Stocks are rebounding nicely so far this morning, up over 2%, with the Dow up well over 200 points.  It is still early, and we could see more selling, but this does show that investors are willing to step in and risk cash.  Stocks should be bought and gold should be sold here.

Monday, August 8, 2011

Stocks close at lows

The Dow lost 635, the S&P 500 lost 80, and the NASDAQ lost 175 today.  That's nearly a 7% drop in the NASDAQ today alone.  Wow.  Investors are freaking out.  There is definitely a buyer's strike.  I think today's activity underscores one of the fundamental flaws in the investment industry, which is that the current way in which investment management services are sold--through an asset allocation strategy approach-requires that managers stay fully invested at all times.  This means that, unlike me, they have no flexibility to step in when markets drop as they did today, and buy quality names.  This characteristic of the markets leads to higher levels of volatility, but also to good opportunities for those of us who do hold cash balances, and who do have the flexibility to buy when markets are down hard.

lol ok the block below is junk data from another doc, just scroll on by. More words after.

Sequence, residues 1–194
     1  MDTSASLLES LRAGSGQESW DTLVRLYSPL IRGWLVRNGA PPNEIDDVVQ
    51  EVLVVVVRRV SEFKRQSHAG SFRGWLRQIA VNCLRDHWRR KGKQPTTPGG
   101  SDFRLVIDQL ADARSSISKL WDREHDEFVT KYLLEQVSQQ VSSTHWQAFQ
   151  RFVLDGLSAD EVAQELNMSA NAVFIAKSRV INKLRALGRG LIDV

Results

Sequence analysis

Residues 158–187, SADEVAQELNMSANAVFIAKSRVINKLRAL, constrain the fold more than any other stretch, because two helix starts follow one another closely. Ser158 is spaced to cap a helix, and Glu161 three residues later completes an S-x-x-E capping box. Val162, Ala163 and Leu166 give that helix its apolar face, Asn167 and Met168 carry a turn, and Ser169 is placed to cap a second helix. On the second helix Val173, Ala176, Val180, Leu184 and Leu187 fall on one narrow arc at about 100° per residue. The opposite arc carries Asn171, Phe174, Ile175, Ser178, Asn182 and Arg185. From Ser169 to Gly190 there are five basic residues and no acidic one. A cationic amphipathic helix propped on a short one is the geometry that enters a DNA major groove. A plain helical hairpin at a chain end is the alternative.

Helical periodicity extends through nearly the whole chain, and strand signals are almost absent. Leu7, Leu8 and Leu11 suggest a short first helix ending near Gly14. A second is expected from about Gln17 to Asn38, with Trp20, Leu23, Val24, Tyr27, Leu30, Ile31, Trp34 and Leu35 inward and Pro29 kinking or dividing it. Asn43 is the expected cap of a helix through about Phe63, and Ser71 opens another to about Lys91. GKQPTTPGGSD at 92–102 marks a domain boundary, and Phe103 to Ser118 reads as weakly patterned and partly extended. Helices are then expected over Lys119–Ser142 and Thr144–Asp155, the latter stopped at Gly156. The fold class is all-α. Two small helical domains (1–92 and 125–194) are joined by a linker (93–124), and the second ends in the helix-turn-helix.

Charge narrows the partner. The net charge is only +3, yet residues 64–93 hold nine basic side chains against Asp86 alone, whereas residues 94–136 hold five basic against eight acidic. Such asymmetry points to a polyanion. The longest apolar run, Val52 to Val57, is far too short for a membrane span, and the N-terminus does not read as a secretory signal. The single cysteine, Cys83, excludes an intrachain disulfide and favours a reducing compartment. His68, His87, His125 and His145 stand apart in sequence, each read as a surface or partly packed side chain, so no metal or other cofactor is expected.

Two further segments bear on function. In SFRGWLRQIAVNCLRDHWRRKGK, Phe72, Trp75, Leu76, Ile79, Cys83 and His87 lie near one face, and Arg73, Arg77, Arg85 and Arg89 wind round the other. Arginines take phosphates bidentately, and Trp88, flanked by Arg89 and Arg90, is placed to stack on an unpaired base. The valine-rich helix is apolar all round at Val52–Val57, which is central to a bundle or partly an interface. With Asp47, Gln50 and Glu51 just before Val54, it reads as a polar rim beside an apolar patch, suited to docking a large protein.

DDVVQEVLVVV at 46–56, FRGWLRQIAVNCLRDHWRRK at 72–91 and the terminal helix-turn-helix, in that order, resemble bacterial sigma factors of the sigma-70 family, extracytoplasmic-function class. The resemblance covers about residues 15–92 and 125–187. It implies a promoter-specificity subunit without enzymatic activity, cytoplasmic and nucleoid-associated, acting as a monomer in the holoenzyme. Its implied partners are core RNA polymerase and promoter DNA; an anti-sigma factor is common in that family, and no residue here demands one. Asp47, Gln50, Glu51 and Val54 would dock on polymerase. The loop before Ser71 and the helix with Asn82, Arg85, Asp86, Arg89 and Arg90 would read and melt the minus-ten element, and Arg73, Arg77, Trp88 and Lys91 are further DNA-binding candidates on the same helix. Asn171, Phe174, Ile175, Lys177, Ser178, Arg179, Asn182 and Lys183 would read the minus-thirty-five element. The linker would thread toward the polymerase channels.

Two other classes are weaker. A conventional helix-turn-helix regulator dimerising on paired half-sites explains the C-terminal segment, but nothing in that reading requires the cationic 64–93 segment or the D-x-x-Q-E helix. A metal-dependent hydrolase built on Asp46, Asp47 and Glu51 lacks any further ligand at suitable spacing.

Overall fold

We are seeing market drops similar to where we were at the end of 2008, just after the financial market implosion, the Lehman Brothers failure, and the mortgage and derivatives meltdown.  I would submit to you that things are significantly more positive today.  There is no new news.  I have been talking about the possibility of a double-dip recession and slow GDP growth for months and months.  Today's move as well as that of last week in general, also shows that the small investor-those who really don't understand what is going on, are driving the bus.  Small investors are almost always wrong in the longer-run, and I believe they will be proven wrong this time.

This is a huge buying opportunity and those who do not step up and step in will be kicking themselves in a month or two.  I promise you that investors will not even remember why the market was down in a few weeks (not that they understand why right now!)  The S&P 500 is at 1,119.  Remember that level.  I am not saying we can't go lower - we probably will go lower in the short-run.  But down the road, that level is going to look very, very attractive indeed!